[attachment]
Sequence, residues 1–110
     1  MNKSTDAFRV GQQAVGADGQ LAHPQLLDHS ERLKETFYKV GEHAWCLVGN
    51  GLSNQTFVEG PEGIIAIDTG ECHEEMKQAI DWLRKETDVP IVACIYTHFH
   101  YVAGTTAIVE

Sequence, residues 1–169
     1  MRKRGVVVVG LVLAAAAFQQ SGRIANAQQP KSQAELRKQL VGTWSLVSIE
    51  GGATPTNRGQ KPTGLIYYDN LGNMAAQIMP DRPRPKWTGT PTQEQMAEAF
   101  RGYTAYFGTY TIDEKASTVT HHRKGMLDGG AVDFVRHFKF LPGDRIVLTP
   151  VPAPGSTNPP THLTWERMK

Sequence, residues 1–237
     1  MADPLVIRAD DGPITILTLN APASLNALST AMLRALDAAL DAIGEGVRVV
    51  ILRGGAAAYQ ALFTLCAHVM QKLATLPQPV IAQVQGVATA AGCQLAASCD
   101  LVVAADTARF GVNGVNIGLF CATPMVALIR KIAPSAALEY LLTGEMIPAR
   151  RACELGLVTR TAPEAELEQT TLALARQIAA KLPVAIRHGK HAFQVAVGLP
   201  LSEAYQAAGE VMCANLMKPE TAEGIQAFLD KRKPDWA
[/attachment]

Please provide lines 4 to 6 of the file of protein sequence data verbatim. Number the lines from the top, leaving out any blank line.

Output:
   101  YVAGTTAIVE

Sequence, residues 1–169
     1  MRKRGVVVVG LVLAAAAFQQ SGRIANAQQP KSQAELRKQL VGTWSLVSIE